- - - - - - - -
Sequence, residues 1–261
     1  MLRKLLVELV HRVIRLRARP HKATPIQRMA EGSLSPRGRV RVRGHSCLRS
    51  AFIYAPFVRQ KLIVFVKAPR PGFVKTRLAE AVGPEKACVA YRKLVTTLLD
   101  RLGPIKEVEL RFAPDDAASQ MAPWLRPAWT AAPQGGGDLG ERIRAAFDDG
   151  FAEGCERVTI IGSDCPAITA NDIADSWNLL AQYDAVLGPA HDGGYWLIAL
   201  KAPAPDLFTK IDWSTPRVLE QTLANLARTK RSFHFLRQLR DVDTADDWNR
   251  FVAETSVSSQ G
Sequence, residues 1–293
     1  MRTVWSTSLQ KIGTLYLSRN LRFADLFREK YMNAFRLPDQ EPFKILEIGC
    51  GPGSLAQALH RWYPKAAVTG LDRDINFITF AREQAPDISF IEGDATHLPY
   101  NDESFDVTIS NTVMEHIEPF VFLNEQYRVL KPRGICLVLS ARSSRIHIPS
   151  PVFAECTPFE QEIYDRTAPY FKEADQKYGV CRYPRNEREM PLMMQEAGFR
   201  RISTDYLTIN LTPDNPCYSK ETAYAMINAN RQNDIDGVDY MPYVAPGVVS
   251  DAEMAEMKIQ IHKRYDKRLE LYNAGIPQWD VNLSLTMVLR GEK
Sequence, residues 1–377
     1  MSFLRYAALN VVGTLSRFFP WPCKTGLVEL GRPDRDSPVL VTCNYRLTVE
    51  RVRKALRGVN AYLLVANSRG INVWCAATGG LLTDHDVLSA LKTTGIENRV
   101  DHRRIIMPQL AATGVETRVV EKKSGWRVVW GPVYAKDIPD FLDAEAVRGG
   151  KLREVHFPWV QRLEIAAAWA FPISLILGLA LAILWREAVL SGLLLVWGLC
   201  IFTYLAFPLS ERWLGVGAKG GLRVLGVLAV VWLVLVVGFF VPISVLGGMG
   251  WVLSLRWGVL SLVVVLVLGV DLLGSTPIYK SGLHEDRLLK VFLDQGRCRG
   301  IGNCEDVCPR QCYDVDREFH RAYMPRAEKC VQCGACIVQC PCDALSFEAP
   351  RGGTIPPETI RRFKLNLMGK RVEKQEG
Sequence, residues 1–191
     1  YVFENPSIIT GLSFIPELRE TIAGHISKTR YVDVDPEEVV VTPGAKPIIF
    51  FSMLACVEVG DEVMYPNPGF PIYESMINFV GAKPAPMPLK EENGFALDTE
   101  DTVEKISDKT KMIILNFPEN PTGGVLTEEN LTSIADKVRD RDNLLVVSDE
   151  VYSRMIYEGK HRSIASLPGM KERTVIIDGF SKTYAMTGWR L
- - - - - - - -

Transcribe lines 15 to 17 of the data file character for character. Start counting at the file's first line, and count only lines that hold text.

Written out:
Sequence, residues 1–377
     1  MSFLRYAALN VVGTLSRFFP WPCKTGLVEL GRPDRDSPVL VTCNYRLTVE
    51  RVRKALRGVN AYLLVANSRG INVWCAATGG LLTDHDVLSA LKTTGIENRV